The IWARD project, funded by the EU, aims to use the robots to identify and find patients using facial recognition software, clean wards automatically, attend patients remotely and reduce human error in administering treatments.
"IWARD mainly targets hospitals and healthcare centres to overcome the major issue of staff shortages in European healthcare," said the Community Research and Development Information Service which co-ordinates R&D funding in the EU.
"Our ageing society and economic pressures increase the patients-to-medics ratio, having an adverse effect on healthcare quality and performance.
"Not being able to attend all patients at the right time, and not keeping hospitals clean enough, also increases recovery time and cost."
The robots can be equipped with adaptable hardware components for floor cleaning and delivery of food, linen and medicine.
All mobile robots would be capable of providing patients and visitors with guidance and information within their assigned hospital.
Some may use laser thermometers for taking a patient's temperature, for example, while others will use a variety of appliances for cleaning and carrying.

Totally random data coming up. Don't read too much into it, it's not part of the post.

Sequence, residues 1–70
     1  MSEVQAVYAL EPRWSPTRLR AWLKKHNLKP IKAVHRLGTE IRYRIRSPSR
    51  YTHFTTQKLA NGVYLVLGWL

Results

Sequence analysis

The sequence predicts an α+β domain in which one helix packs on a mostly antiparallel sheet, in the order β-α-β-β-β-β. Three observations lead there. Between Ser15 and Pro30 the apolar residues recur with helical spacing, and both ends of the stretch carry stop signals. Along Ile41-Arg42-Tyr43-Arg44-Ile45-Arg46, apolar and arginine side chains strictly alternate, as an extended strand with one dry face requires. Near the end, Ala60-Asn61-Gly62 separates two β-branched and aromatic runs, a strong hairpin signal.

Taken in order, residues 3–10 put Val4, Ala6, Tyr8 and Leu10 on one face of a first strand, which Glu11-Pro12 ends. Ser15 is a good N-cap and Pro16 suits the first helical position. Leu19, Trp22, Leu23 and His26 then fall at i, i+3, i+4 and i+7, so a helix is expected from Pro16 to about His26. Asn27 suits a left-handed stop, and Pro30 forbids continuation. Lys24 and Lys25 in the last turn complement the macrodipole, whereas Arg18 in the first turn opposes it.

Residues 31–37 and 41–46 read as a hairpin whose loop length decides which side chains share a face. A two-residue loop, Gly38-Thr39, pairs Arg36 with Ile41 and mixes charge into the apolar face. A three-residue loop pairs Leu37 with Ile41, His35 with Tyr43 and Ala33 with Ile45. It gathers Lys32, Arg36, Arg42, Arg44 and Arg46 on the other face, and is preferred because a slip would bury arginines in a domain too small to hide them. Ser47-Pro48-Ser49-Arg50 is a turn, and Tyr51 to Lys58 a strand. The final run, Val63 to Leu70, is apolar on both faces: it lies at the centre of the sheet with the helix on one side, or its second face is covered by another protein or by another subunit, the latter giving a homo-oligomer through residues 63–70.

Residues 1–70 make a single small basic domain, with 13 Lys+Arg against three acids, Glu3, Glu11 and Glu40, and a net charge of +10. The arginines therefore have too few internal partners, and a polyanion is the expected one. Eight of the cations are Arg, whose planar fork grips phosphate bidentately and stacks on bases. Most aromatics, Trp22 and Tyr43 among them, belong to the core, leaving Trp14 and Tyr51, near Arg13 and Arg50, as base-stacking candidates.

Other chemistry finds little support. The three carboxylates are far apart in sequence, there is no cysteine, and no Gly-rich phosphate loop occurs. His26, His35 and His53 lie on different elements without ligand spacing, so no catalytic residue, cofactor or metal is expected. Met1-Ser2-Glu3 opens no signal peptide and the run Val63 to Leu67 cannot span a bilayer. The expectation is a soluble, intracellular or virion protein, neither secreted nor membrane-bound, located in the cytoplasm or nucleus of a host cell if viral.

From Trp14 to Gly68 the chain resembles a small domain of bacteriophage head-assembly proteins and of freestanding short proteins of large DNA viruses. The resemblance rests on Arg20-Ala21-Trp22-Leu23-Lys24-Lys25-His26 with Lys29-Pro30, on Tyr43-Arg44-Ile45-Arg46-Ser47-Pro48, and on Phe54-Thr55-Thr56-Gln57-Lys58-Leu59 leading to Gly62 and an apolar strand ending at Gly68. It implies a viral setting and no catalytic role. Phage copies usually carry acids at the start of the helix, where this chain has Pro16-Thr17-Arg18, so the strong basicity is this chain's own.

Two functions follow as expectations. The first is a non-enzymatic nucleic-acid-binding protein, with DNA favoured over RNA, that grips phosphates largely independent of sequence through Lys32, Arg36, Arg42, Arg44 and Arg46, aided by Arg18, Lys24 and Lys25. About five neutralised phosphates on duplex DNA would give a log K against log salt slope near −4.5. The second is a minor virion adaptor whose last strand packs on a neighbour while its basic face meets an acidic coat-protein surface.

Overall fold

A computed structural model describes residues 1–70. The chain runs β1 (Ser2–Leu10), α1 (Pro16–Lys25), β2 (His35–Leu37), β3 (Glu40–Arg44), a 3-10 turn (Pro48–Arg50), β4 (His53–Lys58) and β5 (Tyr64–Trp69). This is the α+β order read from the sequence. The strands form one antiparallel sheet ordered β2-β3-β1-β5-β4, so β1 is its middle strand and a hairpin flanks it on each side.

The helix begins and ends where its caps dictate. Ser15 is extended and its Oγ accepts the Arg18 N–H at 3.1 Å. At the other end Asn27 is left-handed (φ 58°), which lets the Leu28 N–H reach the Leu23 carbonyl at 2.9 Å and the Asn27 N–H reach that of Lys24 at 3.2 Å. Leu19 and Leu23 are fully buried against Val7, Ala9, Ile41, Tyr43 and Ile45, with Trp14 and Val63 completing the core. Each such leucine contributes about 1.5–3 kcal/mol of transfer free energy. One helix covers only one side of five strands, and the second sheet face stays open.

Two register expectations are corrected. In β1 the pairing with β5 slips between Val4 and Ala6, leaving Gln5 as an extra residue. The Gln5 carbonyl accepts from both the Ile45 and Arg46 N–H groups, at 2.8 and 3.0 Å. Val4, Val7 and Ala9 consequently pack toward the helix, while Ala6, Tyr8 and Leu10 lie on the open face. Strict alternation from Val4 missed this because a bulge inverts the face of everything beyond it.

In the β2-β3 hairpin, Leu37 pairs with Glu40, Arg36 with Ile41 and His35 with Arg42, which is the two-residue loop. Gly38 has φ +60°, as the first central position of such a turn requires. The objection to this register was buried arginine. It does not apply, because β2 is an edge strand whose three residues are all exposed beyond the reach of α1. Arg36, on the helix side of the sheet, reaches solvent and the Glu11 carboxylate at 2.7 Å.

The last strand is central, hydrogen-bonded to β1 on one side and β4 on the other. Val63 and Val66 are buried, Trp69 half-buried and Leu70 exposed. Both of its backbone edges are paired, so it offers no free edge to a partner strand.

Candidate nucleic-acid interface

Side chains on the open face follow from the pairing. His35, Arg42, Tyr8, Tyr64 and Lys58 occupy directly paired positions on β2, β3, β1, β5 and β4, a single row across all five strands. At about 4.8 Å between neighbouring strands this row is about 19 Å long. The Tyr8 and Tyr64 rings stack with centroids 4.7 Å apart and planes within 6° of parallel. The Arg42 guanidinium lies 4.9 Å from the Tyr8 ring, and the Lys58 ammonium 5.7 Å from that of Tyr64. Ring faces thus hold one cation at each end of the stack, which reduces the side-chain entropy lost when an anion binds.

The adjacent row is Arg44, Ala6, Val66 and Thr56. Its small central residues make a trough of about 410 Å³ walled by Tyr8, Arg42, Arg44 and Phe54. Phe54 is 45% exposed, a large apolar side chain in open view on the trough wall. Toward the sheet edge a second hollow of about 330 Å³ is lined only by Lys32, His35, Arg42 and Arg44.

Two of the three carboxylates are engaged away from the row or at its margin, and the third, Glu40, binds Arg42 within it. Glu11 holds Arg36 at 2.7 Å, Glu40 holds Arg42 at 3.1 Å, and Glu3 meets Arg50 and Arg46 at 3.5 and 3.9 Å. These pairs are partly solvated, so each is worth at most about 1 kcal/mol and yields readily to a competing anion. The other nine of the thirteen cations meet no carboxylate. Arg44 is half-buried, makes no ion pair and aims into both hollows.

The robots will also communicate with each other to decide how best to deal with a new situation.
"The idea is not only to have mobile robots, but a full system of integrated information terminals so that the hospital is full of interaction and intelligence," project leader Thomas Schlegel, from the human-computer interaction division at the Fraunhofer Institute, told The Engineer.
"Operating as a completely decentralised network means that the robots can co-ordinate things between themselves, such as deciding which one would be best equipped to deal with a spillage or to transport medicine."
Three prototypes will be built and tested in hospitals before large scale production and deployment begins.
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